A Conversation with Ken Dorph, Sag Harbor resident and authority on the Middle East and its economy, who will give a lecture “Seven Keys to Understanding the Arab Middle East” at the Rogers Memorial Library on July 6.
How did your interest in the Middle East develop? Where did it come from?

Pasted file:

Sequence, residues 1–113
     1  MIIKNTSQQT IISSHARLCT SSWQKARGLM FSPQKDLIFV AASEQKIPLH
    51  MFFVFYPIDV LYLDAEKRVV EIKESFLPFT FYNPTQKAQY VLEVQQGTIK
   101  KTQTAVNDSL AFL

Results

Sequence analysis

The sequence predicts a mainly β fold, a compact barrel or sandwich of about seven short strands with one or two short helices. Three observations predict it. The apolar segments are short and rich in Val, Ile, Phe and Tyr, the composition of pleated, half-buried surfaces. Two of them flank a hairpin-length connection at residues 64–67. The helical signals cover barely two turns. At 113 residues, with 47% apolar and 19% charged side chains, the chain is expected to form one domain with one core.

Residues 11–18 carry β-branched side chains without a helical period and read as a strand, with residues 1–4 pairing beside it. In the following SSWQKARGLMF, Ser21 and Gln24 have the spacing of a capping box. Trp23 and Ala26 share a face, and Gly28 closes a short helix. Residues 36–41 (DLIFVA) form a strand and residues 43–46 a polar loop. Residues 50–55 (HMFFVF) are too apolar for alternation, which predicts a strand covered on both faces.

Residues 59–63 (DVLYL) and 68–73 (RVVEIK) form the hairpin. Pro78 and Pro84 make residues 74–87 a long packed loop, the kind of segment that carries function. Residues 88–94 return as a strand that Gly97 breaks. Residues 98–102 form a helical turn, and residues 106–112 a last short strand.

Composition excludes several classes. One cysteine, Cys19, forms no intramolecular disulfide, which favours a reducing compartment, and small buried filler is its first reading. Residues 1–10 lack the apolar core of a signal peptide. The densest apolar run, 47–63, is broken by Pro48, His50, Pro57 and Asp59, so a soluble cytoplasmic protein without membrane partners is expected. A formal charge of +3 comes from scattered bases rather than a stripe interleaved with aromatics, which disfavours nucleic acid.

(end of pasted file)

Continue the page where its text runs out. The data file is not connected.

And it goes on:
I was actually pre-med as an undergraduate and I had this wonderful Egyptian woman teaching my anthropology course, and I remember she was just amazing, her name was Safia Mohsen, and hearing about the Bedouins of Egypt, my imagination just took off. I was interested in anthropology and other cultures. Then I went on junior abroad program in Venice, Malta and Morocco. It was an incredible experience and I actually fell in love with Morocco. It was 1972, the image of Morocco was not very complex, but I just fell in love with it – the culture, the food, the music, the art, the tiles, everything about it, so I decided I would go back. I joined the Peace Corp., but Morocco was full, so they sent me to Tunisia. I ended up staying there for three years, two years on a little island that kind of reminded me of Sag Harbor. In fact, I say it prepared me for Sag Harbor because it was such a little island and I grew up this big city person. I was the high school English teacher and I loved my students and I learned French and Arabic simultaneously because my roommate was French and everyone else was speaking Tunisian Arabic. For two years I didn’t speak English, it was great … After that I studied Arabic in earnest at Michigan, which is the premiere school for Arabic in the United States because of the large Arabic population in Detroit. I went on a Fullbright to Damascus, which really solidified my Arabic because I had to study in the language. I was the first American student in Damascus since it became Syria – it was an incredible experience. We were there the year the embassy in Tehran was taken over, so it was a very intense time to be in Syria. But there I got to know the eastern Middle East and it helped to really make me comfortable in standard Arabic and one of the eastern dialects, because there are many dialects.